When you sip your saffron milk, do so with your eyes closed. Think about little golden boys, and the way they shine now, the way they are like sunflowers stretching toward the yellow morning light. Do not think about those blue shadows stretching out behind them, where you stand, fretting, worrying about the time. They call out to the ducks, and the ducks swim away faster as their voices rise to be heard.

“Come on, boys. We have to go,” you say. And you hurry them along.

saffron_milk

 

General Tso’s Chicken + Cookbook Giveaway

I have been kind of obsessed with General Tso’s Chicken since last spring, when I sat in my dark living room and watched The Search for General Tso on Netflix, and on an empty stomach. I think General Tso’s is the kind of thing that is a phenomenon in the US; in Canada we have our own interpretation of “Chinese food” – did you know that Ginger Beef was invented in Calgary, Alberta? Anyway, it looked delicious and I needed to get into it right away. I wish I could see people doing yoga and react with the same sense of urgency.

General Tso’s Chicken is not served at dim sum, which is how we most often enjoy Chinese cuisine, and though it appears on the occasional take-out menu, it’s never in the combos (we’re a Dinner for 2 B family, with its chicken chow mein and red saucy sweet-and-sour pork). For too long, there was no opportune time to get to know the General. No time, that is, until this past Saturday.

Thanks to Food Bloggers of Canada and Clarkson Potter, I was offered the opportunity to review a copy of food writer Kian Lam Kho‘s cookbook, Phoenix Claws and Jade TreesIn order to fulfill my part of the deal, I was tasked with preparing a dinner with a few of the dishes from the book. To get a sense of the variety of recipes, I read the whole thing in a single evening, shouting excitedly at Nick about all the wonderful things we would get to have once he cleaned the kitchen and figured out how to get me eight pounds of nontoxic pottery clay (Beggar’s Chicken, page 314).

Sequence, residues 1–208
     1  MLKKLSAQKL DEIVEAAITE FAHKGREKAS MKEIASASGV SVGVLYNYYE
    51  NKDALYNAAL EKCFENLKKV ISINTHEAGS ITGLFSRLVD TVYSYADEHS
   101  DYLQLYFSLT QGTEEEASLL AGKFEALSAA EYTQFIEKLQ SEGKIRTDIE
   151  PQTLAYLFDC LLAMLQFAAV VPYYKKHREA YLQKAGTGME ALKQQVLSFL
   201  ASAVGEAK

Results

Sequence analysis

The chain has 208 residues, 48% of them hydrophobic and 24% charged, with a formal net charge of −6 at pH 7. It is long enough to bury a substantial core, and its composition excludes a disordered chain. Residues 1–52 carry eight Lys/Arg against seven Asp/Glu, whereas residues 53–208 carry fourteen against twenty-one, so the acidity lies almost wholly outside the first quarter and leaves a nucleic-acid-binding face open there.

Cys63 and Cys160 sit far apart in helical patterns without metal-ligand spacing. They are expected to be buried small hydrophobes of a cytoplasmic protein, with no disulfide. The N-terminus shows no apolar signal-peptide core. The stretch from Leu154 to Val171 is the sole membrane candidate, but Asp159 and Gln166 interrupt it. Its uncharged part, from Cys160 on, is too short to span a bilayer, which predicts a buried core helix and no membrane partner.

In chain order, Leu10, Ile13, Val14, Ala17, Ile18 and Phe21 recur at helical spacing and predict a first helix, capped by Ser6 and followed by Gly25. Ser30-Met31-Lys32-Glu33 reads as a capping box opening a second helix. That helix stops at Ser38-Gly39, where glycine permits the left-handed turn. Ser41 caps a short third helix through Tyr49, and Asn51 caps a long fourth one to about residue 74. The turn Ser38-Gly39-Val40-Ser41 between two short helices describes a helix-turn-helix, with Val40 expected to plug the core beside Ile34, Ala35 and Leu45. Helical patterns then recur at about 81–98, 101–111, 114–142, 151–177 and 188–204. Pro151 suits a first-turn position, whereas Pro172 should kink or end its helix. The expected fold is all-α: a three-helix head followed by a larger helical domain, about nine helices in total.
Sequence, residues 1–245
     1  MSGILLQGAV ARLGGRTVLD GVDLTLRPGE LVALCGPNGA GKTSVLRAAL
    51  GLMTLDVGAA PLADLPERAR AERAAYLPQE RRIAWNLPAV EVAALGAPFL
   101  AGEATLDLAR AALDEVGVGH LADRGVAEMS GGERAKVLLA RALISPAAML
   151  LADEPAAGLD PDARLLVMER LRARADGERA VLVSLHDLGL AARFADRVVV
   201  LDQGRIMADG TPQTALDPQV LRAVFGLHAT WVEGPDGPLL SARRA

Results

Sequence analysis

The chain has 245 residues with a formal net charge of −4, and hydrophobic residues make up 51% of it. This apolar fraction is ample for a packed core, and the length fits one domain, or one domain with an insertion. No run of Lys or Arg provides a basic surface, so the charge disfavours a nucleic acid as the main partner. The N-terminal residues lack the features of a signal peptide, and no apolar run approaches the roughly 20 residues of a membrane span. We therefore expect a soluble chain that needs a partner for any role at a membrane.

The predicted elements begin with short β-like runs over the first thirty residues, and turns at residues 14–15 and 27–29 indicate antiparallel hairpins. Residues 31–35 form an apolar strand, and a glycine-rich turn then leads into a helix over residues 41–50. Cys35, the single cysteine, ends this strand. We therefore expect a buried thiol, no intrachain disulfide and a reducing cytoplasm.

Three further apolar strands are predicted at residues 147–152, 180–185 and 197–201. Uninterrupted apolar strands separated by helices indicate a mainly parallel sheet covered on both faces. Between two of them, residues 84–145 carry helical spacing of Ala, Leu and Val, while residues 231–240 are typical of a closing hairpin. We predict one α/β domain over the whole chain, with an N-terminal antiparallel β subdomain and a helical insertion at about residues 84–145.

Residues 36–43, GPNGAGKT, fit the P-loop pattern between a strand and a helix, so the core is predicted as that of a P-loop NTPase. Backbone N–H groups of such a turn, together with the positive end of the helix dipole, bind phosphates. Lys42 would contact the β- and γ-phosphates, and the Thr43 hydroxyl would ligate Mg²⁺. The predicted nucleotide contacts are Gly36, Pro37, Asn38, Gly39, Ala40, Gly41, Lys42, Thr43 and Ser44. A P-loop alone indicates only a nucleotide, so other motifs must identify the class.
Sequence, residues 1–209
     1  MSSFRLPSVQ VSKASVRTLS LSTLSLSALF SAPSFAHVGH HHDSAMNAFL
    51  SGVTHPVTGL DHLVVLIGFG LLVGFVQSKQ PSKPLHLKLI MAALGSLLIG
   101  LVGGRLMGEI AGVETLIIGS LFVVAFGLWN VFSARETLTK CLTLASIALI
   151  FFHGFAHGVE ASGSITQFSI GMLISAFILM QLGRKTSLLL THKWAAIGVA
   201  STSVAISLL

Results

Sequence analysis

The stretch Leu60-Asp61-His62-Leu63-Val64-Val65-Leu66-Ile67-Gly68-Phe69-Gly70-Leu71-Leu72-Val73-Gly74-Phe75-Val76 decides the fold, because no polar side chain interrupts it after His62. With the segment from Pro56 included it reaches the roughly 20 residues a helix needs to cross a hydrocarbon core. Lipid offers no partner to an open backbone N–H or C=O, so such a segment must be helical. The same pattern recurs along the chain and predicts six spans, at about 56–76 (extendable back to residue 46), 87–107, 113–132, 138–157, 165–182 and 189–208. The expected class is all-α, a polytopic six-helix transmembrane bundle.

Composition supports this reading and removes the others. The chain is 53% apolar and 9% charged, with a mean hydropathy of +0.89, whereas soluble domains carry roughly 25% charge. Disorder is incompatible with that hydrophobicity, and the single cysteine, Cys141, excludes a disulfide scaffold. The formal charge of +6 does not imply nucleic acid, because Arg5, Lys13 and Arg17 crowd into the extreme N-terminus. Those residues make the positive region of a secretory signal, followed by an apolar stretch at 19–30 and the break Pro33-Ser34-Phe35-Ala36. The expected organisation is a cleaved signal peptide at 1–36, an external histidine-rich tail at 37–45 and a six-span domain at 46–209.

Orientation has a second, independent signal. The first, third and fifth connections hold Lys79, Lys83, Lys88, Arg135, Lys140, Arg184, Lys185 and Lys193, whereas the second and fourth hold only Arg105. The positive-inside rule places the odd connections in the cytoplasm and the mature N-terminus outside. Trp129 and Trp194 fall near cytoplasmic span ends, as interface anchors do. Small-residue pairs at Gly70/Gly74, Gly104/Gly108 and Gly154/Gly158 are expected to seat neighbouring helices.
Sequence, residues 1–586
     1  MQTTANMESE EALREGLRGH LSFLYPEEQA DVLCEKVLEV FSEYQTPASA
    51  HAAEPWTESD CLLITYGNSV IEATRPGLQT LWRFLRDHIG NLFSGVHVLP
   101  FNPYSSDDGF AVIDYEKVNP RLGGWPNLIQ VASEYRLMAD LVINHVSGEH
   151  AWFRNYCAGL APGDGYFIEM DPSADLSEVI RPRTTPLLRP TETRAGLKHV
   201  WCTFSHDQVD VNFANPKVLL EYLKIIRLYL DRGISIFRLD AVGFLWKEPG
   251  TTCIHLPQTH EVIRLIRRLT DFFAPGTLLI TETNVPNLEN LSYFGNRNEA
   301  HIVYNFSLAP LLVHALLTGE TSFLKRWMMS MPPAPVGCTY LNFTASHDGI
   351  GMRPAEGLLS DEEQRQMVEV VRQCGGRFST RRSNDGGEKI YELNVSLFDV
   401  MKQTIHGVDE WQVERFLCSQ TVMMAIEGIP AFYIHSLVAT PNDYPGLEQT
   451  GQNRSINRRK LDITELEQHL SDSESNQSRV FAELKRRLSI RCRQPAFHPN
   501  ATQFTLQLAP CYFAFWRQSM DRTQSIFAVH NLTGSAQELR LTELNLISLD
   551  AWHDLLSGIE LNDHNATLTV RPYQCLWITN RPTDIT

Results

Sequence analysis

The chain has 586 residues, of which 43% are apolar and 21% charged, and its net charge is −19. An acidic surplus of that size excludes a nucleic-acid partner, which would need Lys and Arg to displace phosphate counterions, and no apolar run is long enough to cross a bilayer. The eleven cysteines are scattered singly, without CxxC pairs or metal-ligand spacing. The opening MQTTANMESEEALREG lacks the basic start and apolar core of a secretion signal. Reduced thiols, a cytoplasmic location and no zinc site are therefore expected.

This book is beautiful. The writing is clear and well-paced; the photos are stunning and often demonstrate multiple steps in a single collage. Everything about it says “cooking Chinese cuisine unlike anything you’ve seen on a North American take-away menu is easy and fun and you should do it right now. Right now!” And while I can’t speak to the ease of obtaining the ingredients just anywhere, in Vancouver it was only as challenging as deciding which T&T to go to (Renfrew & 1st Avenue won out – free parking).

Within an hour, I had gathered all of the ingredients to prepare six recipes from the book for a Mid-Autumn Festival feast for three friends. The ingredients were very affordable. I think I spent $53 on the entire meal (including a very cheap and sort of embarrassing rosé), and we had leftovers for two days.

We had:

  • General Tso’s Chicken (page 174, recipe below)
  • Red Cooked Lion’s Head, a braised pork meatball with water chestnuts and greens (page 198)
  • Mapo Tofu,  a mix of beef and tofu with chili paste and fermented beans (page 211)
  • Black vinegar and garlic vinaigrette (page 327 served over steamed yu choy that I had chilled before serving)
  • Cucumber salad with garlic (page 336)
  • Spicy lotus root salad with Szechuan pepper, chilies and cilantro (page 338)

There were so many intriguing dishes in this book, and a good mix of challenging dishes to prepare when you’ve got the time and quick, straightforward recipes you could make on a weeknight or for company.

The best thing about this book, at least for me, is that most of the recipes are designed to make two servings: this way, I can make enough for Nick and I for a weekend lunch or weeknight dinner, or make a dinner party of multiple dishes without going overboard on quantity. I also love that so many of the dishes are so inexpensive to make; the Mapo Tofu, for example, called for a quarter-pound of ground beef and two dollars’ worth of tofu.

Once you build a pantry of some of the book’s more frequently used ingredients, you can make the recipes quickly and cheaply. I’ve already used the Szechuan chili paste from the Mapo Tofu twice more since Saturday. It brings boring old steamed broccoli or scrambled eggs to LIFE.